Ann Walsh
Never in the twelve years that I’d slept in this bedroom, never in my whole life had the maple tree talked.It often reached over and tapped on my window, but I had never heard it talk. Not until now. I slipped out of bed and went to the window to take a closer look. Mom was perched on a branch of the tree, right outside my window.I blinked and looked again. Mom waved. I blinked once more and rubbed my eyes. She was still there. The June sun was already up, and I could see her clearly as she reached out to poke at my window with the bristly end of a broom. “Dream,” I said to myself and turned around to go back to bed. “This has got to be a dream.” “Callie, come here,” called Mom, and she rapped hard against the window-pane with the stick end of the broom. “Right now!”
Flower Power
That was not a voice Mom uses in my dreams. It was the voice she uses when she wants something done imme-diately. I was not dreaming. Neither was Mom. But shewassitting in a tree, and even for my mother that’s unusual. “What are you doing?” I asked, sliding the window open and yawning at the same time. “Why are you in the tree? Why is that chain around your ankle?” “I need your help, Callie. Go down-stairs. Beside the phone is a list of places I want you to call.” “Before breakfast?” “Before anything. Start phoning.” “But it’s too early. No one will beup yet.” “You’ll be calling ofîces. Newspapers. tvstations. They’ll have answering machines or voice mail. Read what I wrote for you to say—every word, Callie—and make sure you give our address.”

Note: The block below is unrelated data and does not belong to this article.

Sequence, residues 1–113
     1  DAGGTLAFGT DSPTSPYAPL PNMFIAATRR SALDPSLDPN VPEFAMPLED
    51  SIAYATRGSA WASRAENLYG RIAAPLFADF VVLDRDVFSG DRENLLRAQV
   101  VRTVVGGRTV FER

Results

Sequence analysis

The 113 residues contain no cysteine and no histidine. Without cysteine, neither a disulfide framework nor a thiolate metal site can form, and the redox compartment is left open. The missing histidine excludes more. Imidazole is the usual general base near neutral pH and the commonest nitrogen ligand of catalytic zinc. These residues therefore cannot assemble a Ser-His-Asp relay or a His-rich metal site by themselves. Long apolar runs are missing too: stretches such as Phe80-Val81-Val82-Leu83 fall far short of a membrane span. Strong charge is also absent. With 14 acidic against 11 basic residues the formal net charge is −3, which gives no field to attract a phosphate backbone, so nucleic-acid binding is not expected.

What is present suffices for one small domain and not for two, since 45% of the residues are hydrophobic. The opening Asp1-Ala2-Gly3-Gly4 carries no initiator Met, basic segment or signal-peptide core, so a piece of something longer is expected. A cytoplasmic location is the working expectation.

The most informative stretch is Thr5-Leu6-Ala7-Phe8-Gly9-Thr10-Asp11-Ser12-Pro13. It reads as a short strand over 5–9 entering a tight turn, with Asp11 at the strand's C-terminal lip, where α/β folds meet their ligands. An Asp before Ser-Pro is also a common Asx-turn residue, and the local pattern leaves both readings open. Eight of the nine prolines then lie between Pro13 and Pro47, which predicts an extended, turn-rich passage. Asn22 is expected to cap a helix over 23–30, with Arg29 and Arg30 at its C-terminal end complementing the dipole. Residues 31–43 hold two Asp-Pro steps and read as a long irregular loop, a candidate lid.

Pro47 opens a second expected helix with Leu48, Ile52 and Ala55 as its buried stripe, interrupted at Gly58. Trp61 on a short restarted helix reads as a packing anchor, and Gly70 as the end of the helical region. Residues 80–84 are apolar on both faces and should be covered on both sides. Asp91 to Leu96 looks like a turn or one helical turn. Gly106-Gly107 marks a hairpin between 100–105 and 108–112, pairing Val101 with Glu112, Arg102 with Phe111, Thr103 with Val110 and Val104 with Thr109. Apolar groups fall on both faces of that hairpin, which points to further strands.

Ann Walsh
“But Mom, you promised to take me shopping for jeans this morning.” “Your new jeans will have to wait. This is important.” “But, Mom…,” I began again. “Just do it, Calendula.” She was using her “or else” tone of voice. She also used my full name, another danger sign. The last time I argued with her when she was in that kind of mood, I found myself grounded for a week. I didn’t even brush my teeth or grab a glass of juice before I began phoning. The îrst call was the hardest becauseI got a real newspaper reporter, not the answering machine I had hoped for. Westside Tribune, Peter speaking.” “Hello, my name is Callie Powers and my mom is up a tree.” “Don’t you mean your cat is up a tree, kid?” “No, my mom.”
Flower Power